We generally believe that there is nothing brighter in our galaxy than the Sun, but what if you're told that there comes a time when even our giant ball of fire gets outshined. Not only just the Sun, the entire galaxy gets lit up by that other source of light, even if only for a brief period.
It happens when a star explodes and emits a burst of extremely luminous radiation that is 5 BILLION times brighter than the Sun. Of course we have never experienced it because these explosions called Supernovas take place just a couple of times every billion years. But thanks to a YouTube video published by the National Aeronautics and Space Administration (NASA), now we don't have to be in it to know what happens when stars go through these Supernova explosions.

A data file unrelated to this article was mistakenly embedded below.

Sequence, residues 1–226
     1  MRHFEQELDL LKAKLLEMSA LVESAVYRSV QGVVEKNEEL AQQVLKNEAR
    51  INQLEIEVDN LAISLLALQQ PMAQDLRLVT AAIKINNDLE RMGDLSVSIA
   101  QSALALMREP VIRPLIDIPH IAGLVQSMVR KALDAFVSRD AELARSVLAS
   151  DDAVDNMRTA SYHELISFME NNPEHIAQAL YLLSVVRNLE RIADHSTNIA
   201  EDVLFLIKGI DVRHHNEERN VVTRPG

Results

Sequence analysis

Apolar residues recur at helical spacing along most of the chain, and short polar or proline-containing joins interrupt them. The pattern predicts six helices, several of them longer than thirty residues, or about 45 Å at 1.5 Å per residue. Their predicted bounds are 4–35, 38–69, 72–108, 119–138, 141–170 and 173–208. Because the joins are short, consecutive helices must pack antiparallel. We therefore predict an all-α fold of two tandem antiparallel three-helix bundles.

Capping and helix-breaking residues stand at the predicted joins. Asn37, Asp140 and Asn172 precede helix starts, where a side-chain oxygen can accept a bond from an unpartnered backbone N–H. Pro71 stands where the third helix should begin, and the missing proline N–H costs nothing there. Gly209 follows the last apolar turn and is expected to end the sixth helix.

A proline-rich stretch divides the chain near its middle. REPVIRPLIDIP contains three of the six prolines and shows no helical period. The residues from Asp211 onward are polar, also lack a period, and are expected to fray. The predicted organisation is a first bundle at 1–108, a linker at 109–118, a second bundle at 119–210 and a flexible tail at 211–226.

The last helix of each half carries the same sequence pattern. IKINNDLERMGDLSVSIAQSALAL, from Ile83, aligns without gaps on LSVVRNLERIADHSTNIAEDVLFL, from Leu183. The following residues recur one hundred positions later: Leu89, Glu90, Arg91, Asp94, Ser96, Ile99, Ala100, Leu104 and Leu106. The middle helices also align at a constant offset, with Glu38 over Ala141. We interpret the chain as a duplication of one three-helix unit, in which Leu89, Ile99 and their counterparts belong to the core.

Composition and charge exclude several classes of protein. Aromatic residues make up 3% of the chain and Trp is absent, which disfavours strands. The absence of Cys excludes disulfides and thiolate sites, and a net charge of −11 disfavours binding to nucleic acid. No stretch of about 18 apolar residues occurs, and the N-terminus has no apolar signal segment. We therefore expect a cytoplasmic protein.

Using the recordings of its Nuclear Spectroscopic Telescope Array (NuSTAR), the American agency has created a 3D simulation of Cassiopeia A – a supernova discovered in 1947.
The visual illustration shows how stars first slosh around for a while before exploding and creating the bright effect that has been mentioned above.
Check out the NASA's video to know more about it:
So there you have it. One of the greatest celestial mysteries has been solved.
By the way, Supernovas aren't just a fascinating sight for the eye. The radiations they emit actually help the growth of elements such as iron, titanium and gold in our universe.